Organizational and Individual Determinants of Atypical Employment: the Case of Multiple Jobholding and Self-employment in Canada


  • Gilles Simard ESG UQAM
  • Denis Chênevert HEC Montréal


organizational, atypical employment, jobholdings, self-employment, canada, individual


The growing need for organizational flexibility has prompted increasing recourse to atypical work. Multiple jobholding and self-employment are atypical work forms that have particularly intrigued researchers. Using data compiled by Statistics Canada, we have identified factors that influence the probability of belonging to these two categories of atypical employment. Our results suggest that the influence factors are not identical for the two non-standard job categories studied. Sector of activity, gender and the absence of promotion considerably affect the probability of joining the ranks of the self-employed, whereas professional category and frequency of movement significantly influence the probability of belonging to the multiple jobholder group. The populations engaging in these two forms of atypical work are not homogeneous.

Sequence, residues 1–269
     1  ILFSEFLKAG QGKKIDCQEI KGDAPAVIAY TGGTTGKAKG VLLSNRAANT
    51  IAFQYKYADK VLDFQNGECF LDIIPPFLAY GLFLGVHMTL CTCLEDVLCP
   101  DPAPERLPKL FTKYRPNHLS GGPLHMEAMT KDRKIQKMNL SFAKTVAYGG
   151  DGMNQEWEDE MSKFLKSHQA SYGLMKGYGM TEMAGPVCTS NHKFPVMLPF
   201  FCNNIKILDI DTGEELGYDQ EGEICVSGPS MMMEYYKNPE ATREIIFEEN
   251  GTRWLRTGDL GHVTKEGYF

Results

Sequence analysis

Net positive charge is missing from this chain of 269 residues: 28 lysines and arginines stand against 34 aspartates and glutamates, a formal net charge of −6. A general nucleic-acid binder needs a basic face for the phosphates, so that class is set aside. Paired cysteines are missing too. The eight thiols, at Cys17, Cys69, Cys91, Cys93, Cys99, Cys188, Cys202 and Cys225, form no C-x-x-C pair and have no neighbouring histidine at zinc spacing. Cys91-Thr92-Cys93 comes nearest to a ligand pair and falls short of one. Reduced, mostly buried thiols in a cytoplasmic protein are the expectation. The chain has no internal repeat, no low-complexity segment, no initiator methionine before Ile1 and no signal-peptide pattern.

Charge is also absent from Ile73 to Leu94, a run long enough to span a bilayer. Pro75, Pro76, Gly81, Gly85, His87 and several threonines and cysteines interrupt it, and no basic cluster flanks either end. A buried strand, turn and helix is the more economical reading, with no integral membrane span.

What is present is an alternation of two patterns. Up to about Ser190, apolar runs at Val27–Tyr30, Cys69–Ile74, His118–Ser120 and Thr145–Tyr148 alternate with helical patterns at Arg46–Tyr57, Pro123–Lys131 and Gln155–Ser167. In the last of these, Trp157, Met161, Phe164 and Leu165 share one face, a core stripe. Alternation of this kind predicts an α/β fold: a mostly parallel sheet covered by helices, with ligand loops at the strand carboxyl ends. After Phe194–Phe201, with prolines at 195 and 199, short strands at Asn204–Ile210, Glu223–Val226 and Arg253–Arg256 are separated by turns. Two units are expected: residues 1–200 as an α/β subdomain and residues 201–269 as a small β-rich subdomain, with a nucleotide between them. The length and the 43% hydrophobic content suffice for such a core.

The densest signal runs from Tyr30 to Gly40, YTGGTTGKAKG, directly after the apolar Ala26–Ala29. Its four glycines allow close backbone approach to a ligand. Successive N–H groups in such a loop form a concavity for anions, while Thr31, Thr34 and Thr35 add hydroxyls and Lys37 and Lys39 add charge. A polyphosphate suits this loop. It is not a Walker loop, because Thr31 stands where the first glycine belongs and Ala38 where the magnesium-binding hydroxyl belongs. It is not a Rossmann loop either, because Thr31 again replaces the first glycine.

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How to Cite

Simard, G., & Chênevert, D. (2010). Organizational and Individual Determinants of Atypical Employment: the Case of Multiple Jobholding and Self-employment in Canada. Canadian Journal of Career Development, 9(1), 25–33. Retrieved from